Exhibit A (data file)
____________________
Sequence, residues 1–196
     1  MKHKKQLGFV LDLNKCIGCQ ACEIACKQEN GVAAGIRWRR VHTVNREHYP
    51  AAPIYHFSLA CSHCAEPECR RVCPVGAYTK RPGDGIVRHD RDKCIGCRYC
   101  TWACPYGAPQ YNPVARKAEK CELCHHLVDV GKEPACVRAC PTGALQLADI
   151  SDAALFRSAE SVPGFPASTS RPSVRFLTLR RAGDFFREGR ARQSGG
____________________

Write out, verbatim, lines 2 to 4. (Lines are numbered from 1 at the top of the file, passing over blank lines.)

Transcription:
     1  MKHKKQLGFV LDLNKCIGCQ ACEIACKQEN GVAAGIRWRR VHTVNREHYP
    51  AAPIYHFSLA CSHCAEPECR RVCPVGAYTK RPGDGIVRHD RDKCIGCRYC
   101  TWACPYGAPQ YNPVARKAEK CELCHHLVDV GKEPACVRAC PTGALQLADI